By Igor Volsky and Victoria Fleischer
Pastor Thomas A. Dixon, a community organizer in South Carolina and co-founder of The Coalition (People United To Take Back Our Community), sat down with ThinkProgress in Charleston to discuss how everyday racism contributed to the tragedy at Mother Emanuel Church. We spoke on a park bench on Calhoun Street in the shadow of a statue of John C. Calhoun, a South Carolina senator and Vice President who vehemently defended the institution of slavery.
Dixon urged the American people to address the obstacles facing the African American community, from police brutality to inequality in education and housing, likening society’s refusal to seriously discuss these concerns to a child who is ignored by her parents. “The voice of that child is suppressed, ‘no I’ll get back to you later,’’ he said. “And all the while, the problem is growing, it’s growing, it’s being internalized more, the frustrations, and sooner or later as that community matures in the evil state of mind that that is, eventually it’s going to come out.”
Pastor Thomas A. Dixon: The wretchedness that we are living in, right now it can’t get much worse. This is a systemic problem that’s all over our nation.
Igor Volsky: Black lives matter, Ferguson, the New York Incident — I Can’t Breath — and now Mother Emanuel. What are the connections there?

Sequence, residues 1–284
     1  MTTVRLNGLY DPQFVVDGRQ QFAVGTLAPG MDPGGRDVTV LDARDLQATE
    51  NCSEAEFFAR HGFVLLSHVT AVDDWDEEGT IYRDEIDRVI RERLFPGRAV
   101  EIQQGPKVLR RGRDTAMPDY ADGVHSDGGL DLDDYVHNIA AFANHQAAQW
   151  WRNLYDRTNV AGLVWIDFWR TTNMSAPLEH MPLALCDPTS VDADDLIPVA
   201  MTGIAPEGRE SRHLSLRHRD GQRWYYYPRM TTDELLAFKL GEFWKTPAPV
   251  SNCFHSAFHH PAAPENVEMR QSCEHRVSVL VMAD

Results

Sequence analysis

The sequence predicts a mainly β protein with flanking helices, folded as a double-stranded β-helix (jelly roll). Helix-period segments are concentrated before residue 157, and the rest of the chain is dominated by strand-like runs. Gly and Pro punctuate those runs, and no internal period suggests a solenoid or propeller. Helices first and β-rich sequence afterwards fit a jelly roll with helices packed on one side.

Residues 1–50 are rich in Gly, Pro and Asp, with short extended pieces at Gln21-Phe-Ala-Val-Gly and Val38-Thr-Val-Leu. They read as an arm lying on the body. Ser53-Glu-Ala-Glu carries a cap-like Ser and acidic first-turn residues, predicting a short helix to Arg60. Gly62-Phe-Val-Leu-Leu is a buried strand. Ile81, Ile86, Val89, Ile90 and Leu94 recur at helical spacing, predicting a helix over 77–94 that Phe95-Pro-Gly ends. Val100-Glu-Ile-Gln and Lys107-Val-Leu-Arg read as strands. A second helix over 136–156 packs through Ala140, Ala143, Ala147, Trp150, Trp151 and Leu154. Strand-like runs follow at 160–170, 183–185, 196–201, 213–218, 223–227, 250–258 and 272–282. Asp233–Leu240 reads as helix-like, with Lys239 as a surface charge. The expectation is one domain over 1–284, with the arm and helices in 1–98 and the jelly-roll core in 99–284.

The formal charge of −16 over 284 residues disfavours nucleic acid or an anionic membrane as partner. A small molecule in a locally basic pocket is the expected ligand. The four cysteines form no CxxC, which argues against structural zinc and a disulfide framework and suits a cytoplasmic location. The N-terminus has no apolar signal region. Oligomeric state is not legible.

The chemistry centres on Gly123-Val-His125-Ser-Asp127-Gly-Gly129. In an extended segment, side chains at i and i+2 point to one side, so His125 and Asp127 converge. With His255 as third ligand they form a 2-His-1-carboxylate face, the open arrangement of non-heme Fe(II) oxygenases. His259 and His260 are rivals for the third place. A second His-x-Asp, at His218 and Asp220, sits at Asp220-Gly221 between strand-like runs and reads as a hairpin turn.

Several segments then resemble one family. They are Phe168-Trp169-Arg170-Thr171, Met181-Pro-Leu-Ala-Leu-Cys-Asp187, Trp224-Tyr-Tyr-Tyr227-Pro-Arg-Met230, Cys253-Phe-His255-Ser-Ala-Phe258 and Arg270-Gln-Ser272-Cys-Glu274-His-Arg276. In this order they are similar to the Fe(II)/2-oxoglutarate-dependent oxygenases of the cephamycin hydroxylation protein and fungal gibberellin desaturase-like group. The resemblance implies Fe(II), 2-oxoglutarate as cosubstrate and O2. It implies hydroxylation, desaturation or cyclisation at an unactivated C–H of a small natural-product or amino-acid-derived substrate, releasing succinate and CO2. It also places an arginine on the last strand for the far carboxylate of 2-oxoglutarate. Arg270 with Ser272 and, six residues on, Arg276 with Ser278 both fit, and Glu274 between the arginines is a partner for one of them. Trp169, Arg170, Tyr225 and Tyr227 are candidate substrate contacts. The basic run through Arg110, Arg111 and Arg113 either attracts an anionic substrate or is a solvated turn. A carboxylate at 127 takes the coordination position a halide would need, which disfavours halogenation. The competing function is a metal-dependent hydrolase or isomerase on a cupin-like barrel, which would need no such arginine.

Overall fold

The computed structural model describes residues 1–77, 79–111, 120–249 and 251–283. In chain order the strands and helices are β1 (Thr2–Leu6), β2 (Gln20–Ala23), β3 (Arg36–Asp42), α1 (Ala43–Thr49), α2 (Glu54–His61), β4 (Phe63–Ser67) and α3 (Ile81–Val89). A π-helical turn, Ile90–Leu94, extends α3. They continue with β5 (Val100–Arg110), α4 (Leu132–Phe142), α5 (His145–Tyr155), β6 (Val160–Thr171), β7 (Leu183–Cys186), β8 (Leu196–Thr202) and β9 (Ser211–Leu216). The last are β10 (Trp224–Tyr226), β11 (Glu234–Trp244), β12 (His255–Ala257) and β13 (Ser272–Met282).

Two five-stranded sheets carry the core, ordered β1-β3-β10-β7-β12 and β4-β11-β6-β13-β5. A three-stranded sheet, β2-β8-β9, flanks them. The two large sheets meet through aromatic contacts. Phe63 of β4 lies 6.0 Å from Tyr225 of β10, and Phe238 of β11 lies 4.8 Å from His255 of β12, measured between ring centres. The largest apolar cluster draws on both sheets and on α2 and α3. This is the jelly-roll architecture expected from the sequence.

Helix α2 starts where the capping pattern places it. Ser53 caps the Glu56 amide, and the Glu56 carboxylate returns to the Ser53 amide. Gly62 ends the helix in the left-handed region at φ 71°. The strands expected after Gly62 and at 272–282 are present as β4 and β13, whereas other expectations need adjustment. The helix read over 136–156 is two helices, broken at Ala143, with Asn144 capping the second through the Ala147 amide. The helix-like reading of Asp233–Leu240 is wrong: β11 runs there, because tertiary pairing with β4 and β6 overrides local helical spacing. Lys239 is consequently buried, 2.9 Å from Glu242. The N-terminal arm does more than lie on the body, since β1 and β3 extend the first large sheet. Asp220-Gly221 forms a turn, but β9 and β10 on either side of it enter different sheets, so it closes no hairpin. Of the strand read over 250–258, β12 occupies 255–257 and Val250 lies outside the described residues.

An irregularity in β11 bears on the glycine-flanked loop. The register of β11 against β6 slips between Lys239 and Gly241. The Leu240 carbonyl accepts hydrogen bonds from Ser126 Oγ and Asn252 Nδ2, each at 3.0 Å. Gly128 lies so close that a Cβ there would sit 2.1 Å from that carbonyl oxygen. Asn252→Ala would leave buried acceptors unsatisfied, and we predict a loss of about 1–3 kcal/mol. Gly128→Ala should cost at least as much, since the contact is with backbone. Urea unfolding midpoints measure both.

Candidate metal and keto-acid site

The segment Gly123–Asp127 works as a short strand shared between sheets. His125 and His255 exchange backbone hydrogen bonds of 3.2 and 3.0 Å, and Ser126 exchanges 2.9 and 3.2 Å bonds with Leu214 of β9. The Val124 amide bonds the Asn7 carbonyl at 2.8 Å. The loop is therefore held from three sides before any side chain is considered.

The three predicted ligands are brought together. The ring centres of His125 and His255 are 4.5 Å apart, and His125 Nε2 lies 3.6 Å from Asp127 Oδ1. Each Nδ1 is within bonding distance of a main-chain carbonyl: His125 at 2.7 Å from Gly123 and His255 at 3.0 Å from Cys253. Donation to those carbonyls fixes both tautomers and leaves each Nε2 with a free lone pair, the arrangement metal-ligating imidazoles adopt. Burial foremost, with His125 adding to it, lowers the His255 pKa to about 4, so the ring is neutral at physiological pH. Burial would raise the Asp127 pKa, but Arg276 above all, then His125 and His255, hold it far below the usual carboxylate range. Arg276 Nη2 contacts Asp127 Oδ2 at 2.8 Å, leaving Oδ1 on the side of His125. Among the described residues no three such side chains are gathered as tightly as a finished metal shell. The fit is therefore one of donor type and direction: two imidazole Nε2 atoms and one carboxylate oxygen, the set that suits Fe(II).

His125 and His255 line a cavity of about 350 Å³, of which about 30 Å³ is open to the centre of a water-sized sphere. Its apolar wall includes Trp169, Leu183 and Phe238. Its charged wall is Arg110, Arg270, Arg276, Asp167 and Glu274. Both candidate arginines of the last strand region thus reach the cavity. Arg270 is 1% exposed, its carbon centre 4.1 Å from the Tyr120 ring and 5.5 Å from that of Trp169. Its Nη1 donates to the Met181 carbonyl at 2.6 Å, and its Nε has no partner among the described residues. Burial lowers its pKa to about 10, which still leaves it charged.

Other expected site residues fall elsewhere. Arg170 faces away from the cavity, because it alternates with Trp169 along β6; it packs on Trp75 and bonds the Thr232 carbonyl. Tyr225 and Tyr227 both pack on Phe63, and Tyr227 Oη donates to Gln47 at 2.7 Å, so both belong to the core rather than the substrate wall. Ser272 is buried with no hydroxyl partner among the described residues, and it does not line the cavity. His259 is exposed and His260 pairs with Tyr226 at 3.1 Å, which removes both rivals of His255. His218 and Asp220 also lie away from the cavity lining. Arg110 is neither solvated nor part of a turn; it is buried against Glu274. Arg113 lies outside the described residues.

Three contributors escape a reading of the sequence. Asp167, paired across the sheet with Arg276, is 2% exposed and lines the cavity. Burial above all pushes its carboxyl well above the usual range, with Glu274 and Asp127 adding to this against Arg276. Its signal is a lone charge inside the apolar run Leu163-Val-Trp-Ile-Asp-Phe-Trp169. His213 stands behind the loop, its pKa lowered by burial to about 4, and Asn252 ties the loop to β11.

Dixon: In President Obama’s first election, the hatred that surfaced came out more and more and it even developed into an alternate party system in America called the Tea Party and manifest itself through every aspect of life. The Pandora’s box was open and out of that box came hatred, racial hatred, ignorance. The worst side of human beings. Things were spread across the nation: our country is being taken over by black people, black people historically have raped our women and done these vile things to our women. This young man was what, 21 years old? The president has been in office for 7 years? This is what he heard for the last seven years in his community. It’s obvious by his words while he pulled the trigger during the shooting.
Bill O’Reilly on Fox News: Young black American men are so often involved in crime.
Dixon: It’s a direct mimic from what came out of the media presentation of certain people who have convinced a segment of the U.S. that black people are something to be hated, feared, loathed despised. The seeds were planted in his mind and just like any other seed, there is a germination period and then sooner or later that germination period is going to end. The seed is going to open, and then the plant is going to sprout. What happened is that plant not only began to sprout. It took really good roots in his heart — evil roots in his heart — and once that plant bore fruit, the fruit was nine dead people inside of Mother Emanuel Church on Wednesday night.